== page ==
The importance of implementation was highlighted by a 2022 change to the GMA that requires designated counties and cities to provide a report detailing the progress they have achieved in implementing their comprehensive plans five years after plan review — see RCW 36.70A.130 (9)(a). Recent grant programs funded by the legislature and administered by Washington State Department of Commerce (Commerce) — such as the Connecting Housing to Infrastructure Program (CHIP) — also emphasize the significance of combining long-range planning and implementation.

Link your goals, objectives, and implementation strategies

Make sure that each broad goal in your comprehensive plan has several (or at least one) related objectives. Conversely, each objective must have one or more implementation action steps related to it. If you cannot easily achieve this task when writing your plan, then it is a sign that your objectives are probably too broad or vague, and therefore need to be revised or removed.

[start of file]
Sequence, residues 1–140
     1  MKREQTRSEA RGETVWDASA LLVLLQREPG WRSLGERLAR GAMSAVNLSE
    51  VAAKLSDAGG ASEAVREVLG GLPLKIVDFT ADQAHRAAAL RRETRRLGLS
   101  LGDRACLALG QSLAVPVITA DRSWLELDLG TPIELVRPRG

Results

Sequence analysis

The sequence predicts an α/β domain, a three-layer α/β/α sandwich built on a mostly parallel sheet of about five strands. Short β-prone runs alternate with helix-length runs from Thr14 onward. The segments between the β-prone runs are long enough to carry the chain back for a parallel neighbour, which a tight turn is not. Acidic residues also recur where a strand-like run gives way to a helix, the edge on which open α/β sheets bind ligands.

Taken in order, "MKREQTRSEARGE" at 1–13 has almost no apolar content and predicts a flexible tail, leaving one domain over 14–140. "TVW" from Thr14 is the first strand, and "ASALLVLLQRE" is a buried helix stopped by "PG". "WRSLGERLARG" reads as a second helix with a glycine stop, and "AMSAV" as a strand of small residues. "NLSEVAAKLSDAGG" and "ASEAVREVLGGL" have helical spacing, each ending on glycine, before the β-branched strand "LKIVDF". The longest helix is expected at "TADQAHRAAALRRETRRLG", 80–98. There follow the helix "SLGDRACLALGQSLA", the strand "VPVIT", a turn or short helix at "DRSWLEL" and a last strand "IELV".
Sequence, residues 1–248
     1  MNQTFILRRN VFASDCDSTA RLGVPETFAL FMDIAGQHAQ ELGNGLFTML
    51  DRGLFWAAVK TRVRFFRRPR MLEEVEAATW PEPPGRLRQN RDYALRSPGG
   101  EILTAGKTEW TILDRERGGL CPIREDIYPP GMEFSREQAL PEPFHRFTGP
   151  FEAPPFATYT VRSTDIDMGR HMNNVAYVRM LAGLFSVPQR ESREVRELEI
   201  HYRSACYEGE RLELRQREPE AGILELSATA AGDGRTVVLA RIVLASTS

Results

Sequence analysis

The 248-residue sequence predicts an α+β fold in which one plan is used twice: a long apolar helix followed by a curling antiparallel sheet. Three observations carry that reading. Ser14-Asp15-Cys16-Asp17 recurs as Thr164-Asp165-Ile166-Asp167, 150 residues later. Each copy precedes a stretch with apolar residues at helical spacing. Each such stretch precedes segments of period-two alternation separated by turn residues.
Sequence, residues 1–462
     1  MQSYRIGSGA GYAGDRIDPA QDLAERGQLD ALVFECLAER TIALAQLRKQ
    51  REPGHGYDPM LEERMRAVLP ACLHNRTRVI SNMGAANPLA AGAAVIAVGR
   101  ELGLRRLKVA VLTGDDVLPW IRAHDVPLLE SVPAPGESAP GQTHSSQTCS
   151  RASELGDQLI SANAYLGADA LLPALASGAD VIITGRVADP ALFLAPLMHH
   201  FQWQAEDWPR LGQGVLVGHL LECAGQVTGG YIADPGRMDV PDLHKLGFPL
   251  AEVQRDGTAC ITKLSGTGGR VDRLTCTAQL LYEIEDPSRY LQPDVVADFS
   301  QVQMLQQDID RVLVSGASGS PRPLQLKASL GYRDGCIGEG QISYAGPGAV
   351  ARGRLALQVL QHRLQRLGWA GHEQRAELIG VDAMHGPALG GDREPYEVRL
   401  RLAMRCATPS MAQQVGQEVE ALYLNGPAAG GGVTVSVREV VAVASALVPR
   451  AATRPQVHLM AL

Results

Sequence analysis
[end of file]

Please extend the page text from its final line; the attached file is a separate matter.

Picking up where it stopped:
Use the SMART approach

The five aspects of the S.M.A.R.T. approach require that implementation strategies are:

  • Specific
  • Measurable
  • Attainable
  • Relevant
  • Time-specific

Include an Implementation Matrix.

It still surprises me that the GMA doesn’t require implementation strategies and an implementation matrix to be included in a plan. I would recommend that you add an implementation matrix in your plan, which contains for every objective:

  • proposed implementation strategies,
  • a timeframe for the strategies, and
  • the department/organization responsible for implementing the strategies.

For example, each element of the SeaTac Comprehensive Plan has a “Recommended Implementation Strategies” matrix.